Together, Google and Facebook now control 20% of global ad spend, up from 11% in 2012, and their growth shows no signs of slowing down.
Monopolies are problematic enough, but what if two companies together pace steadily towards capturing the entire market? What happens to the smaller players — ad networks, exchanges, media giants, smaller publishers? This is why the Google Facebook Duopoly is fast catching on as somewhat of a scare term in ad tech.
According to a recent report by Zenith Media, the two companies captured 64% of global ad spend growth in the last four years. In this year’s report, Zenith focused on isolating ad revenue from other sources of revenue for a clearer picture of the global ad market.
Last year, Google attracted $79.4bn in ad revenue, three times more than the second-largest — Facebook — which attracted $26.9bn. According to the report, 2016 was also the year when internet media displaced traditional media, with digital platforms funded by online advertising dominating the rankings, and other pure-internet media owners like Baidu, Microsoft, Verizon, and Twitter accompanying Google and Facebook. These seven combined accounted for 74% of online ad spend and 24% of global ad spend. Twitter was the fastest-growing media owner on the list, with ad revenue uplift of 734% between 2012 and 2016.
The scale of the biggest platforms highlights the importance of building strong partnerships between agencies and media owners. Brands need to deal with these platforms to communicate with consumers effectively and efficiently, and agencies need to ensure they do so on the best terms available.
— Vittorio Bonori, Global Brand President, Zenith Media
Another recent report by eMarketer also confirms the tightening grip that Google and Facebook have on the US digital ad market. Google is expected to account for 40.7% of US digital ad revenues this year, with its search market growing at 16.1% to $28.55bn, claiming 78% of total search ad revenues this year.
Google’s dominance in search, especially mobile search, is largely coming from the growing tendency of consumers to turn to their smartphones to look up everything from the details of a product to directions. Google and mobile search as a whole will continue to benefit from this behavioral shift.
— Monica Peart, forecasting analyst, eMarketer
Google’s growth in search is only rivaled by Facebook’s growth in display, whose business is expected to jump 32.1% to $16.33bn, capturing 39.1% of US market share. Google’s display business will also grow, but its overall market share will fall, according to the report.
It’s important to remember that Google and Facebook are world’s largest media companies. Also, they have direct access to tier-1 demand relationships and thus, most of the ad dollars don’t go out of their closely-knit circles. An analysis, in fact, outlined that the growth in the duopoly is primarily because of growth in their media businesses, not their ad-tech powering the open web. Header Bidding has further made it difficult for Google to actually grow in the open web without providing competitive payouts. Facebook recently, on the other hand, has embraced Header Bidding (along with its ad network) and is making inroads in the open web. It will be interesting to see how their dominance in open web shifts.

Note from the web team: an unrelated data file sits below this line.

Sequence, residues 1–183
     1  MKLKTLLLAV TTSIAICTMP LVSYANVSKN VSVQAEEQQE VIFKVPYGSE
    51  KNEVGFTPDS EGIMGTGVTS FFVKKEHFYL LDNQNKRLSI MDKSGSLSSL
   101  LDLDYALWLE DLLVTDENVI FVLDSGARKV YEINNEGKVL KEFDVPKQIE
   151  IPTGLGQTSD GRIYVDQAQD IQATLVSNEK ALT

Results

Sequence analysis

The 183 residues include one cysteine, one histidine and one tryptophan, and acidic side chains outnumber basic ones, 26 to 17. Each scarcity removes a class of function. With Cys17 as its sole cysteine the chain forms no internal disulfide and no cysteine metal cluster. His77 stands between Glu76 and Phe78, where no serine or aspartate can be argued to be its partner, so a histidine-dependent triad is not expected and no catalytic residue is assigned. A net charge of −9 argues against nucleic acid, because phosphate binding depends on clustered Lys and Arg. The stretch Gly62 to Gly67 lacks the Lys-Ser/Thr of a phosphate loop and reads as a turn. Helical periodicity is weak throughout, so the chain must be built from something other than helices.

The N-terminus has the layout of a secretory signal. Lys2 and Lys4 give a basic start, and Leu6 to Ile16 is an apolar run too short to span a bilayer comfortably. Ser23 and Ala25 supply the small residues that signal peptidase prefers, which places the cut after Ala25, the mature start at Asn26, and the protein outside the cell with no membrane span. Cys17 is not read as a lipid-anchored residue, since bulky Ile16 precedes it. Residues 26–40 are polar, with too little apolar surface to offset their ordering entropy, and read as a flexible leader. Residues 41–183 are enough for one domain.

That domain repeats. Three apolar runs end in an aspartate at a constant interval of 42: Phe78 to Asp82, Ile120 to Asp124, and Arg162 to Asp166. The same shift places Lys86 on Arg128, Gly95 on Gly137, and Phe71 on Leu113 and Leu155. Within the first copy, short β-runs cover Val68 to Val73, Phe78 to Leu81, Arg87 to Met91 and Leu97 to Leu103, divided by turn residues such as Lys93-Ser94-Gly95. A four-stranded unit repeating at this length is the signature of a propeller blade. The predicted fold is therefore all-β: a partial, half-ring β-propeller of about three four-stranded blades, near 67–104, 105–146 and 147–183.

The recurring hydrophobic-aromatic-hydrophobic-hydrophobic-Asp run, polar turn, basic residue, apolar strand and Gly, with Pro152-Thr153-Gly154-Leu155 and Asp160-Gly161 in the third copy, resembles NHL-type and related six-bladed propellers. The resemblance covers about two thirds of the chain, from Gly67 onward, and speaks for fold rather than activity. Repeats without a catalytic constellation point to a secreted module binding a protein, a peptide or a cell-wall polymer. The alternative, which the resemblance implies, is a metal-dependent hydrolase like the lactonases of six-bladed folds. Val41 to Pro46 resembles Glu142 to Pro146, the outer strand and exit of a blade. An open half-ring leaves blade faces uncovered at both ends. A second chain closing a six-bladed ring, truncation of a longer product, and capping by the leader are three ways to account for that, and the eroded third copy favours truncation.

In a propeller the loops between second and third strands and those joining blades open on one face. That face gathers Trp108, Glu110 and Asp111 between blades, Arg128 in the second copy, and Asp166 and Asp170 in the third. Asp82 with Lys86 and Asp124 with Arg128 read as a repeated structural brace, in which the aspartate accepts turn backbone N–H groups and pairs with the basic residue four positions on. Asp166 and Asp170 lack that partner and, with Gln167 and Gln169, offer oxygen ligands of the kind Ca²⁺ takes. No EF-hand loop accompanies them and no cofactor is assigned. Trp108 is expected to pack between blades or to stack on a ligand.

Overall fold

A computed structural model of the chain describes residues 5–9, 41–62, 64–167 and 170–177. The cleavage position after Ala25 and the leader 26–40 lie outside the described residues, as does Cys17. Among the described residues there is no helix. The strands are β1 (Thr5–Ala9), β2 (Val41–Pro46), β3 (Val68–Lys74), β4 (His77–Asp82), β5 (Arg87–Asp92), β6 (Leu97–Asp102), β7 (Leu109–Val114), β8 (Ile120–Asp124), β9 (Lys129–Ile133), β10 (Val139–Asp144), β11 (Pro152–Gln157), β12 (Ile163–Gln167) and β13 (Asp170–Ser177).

— Atul Agarwal, co-founder and co-CEO, AdPushup
Time to Panic?
As a hotly debated topic, everyone has something to say about the possible outcomes of Google Facebook duopoly’s domination in the market at the expense of other players.
Media-first publishers cite the engineering capabilities and tech focus of internet-first companies as a reason for why they can build better products faster and therefore keep and grow their audience much more efficiently. A good example of this is how both Google and Facebook launched AMP and Instant Articles respectively to fix slow page load times on the mobile web. These pages also get display priority and are shown first; so while Google and Facebook set the standards, media publishers have no choice but to follow them.
Google and Facebook also have access to significantly more user data than media publishers and even other ad networks or exchanges can ever hope to collect, something which can be and is used to better target ads.
But let’s not forget: This dominance is hardly new. Google has been the market leader for almost as long as online advertising has existed, but that has not stopped new, innovative players from breaking into the market. Moreover, advertising is not a zero sum game: Just because Google and Facebook are gaining share doesn’t mean that others are doomed to losing theirs; the market itself grows too, and growth in ad tech has always been about disruption.